On behalf of the prosecution, Neal Katyal from Washington, D.C. said Chauvin got “one of the most transparent and thorough trials in our nation’s history. Chauvin’s many arguments  . . . do not come close to justifying reversal. Judge Cahill managed this trial with enormous care and even if Chauvin could identify some minor fault, any error is harmless. The evidence of Chauvin’s guilt was captured on video for the world to see.

Katyal also said the juror in question accurately answered the questions and repeatedly insisted he could render an impartial verdict. And the defense did not use any of its three preemptory strikes to remove him, which indicated defense satisfaction with the juror.


The Chauvin appeal and arguments in the state case seem a waste of effort and money in light of Chauvin’s guilty plea in the federal case when he admitted in writing that certain facts were true . . .[and] established his  guilt beyond a reasonable doubt].”[3] Those admissions included the following:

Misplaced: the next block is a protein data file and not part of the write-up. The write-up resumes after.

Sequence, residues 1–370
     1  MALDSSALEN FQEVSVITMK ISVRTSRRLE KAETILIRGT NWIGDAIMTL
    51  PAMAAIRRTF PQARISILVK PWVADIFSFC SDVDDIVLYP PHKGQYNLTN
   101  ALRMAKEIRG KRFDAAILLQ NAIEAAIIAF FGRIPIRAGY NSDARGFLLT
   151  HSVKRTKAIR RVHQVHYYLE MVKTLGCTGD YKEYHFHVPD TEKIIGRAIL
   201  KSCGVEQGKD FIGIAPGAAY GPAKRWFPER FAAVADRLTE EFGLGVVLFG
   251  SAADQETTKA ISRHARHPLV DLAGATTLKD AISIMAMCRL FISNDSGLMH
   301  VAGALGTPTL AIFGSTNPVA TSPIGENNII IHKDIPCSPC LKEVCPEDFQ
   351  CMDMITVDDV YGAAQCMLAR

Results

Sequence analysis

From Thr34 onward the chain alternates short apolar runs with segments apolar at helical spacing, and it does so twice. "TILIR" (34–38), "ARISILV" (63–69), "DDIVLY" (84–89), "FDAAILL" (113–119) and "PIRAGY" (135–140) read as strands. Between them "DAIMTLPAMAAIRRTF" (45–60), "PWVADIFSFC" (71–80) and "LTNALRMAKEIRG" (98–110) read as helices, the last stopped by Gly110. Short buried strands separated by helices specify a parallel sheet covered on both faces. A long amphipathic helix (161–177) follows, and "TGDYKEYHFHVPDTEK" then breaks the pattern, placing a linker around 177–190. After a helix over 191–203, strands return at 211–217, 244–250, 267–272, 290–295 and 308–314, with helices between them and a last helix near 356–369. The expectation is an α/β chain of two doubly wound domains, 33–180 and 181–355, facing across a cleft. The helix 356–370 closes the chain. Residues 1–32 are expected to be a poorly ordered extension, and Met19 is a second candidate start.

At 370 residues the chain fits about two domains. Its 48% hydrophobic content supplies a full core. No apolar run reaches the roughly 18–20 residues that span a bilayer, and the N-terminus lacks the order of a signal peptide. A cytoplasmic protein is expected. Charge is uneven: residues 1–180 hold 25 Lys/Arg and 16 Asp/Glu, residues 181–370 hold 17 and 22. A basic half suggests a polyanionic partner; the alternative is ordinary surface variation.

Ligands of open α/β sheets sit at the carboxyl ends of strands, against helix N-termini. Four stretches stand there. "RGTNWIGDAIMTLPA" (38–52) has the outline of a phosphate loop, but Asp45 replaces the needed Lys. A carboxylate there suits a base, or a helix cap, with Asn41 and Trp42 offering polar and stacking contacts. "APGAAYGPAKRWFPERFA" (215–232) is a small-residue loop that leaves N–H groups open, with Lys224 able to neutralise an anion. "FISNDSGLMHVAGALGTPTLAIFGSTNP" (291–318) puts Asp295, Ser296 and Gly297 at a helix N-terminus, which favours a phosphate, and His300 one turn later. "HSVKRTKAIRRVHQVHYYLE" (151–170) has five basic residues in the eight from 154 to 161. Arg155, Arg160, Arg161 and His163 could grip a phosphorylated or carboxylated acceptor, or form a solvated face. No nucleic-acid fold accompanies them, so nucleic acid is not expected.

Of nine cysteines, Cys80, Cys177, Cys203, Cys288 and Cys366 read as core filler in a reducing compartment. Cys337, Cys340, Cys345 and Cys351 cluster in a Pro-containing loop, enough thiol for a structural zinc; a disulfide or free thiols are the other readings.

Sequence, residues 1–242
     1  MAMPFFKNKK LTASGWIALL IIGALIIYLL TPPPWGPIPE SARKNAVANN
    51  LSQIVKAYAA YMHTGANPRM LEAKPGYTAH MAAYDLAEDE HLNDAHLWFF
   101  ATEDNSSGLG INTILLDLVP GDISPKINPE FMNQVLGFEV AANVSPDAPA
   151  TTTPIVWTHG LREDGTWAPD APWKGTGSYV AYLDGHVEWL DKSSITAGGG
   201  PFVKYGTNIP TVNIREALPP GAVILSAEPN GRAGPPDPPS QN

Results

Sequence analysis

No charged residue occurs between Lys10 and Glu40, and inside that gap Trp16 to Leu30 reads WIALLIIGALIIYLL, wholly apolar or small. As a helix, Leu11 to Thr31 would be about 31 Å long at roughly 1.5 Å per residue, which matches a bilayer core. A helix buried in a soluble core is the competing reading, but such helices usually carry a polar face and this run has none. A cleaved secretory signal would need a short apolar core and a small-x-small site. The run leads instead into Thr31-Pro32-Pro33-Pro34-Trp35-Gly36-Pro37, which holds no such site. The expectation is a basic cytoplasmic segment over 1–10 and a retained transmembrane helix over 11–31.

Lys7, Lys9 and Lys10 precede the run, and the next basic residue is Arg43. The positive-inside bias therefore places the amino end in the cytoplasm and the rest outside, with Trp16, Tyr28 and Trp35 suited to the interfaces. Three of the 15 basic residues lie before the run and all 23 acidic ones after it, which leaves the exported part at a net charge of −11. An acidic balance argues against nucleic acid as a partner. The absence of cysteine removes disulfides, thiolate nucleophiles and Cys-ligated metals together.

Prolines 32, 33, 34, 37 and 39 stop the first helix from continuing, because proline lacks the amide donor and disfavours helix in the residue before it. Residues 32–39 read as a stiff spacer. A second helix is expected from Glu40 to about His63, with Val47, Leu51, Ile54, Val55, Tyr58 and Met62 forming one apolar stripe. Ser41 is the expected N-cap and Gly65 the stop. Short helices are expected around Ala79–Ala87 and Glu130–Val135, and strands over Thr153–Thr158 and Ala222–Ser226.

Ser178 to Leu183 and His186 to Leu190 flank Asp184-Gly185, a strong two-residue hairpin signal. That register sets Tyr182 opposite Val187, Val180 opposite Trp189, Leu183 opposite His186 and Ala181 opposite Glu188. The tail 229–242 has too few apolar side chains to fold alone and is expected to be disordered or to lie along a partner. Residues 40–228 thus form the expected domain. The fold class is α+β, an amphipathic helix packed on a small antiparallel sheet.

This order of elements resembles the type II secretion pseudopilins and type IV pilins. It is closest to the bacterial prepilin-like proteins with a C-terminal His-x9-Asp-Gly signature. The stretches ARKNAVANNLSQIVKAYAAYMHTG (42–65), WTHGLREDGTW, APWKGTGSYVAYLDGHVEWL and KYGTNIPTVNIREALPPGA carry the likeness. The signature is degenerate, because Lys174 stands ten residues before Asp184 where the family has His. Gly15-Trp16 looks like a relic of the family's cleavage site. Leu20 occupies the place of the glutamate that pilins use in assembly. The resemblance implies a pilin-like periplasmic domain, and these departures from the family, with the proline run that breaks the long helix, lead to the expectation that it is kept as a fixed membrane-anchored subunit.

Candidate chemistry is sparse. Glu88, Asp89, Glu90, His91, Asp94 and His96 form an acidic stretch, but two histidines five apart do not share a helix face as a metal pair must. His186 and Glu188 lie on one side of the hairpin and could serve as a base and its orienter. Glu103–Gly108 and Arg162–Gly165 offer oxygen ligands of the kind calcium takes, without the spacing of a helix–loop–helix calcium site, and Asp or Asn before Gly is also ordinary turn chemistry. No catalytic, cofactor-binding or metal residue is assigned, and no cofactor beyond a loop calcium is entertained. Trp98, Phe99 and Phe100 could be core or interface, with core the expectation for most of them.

• Chauvin, ‘while acting under color of law . . . willfully deprived George Floyd of . . . the right to be free from an unreasonable seizure, which includes the right to be free from the use of unreasonable force by a police officer. [Chauvin] . . . held his left knee across Mr. Floyd’s neck, back, and shoulder, and his right knee on Mr. Floyd’s back and arm. As Mr. Floyd lay on the ground, handcuffed and unresisting, [Chauvin] . . . kept his knees on Floyd’s neck and body, even after Mr. Floyd became unresponsive. This offense resulted in bodily injury to, and the death of, George Floyd.”
  • Chauvin “admits that in using this unreasonable and excessive force, he acted willfully and in callous and wanton disregard of the consequences to Mr. Floyd’s life. [Chauvin] . . . knew that what he was doing was wrong, in part, because it was contrary to his training as an MPD officer..”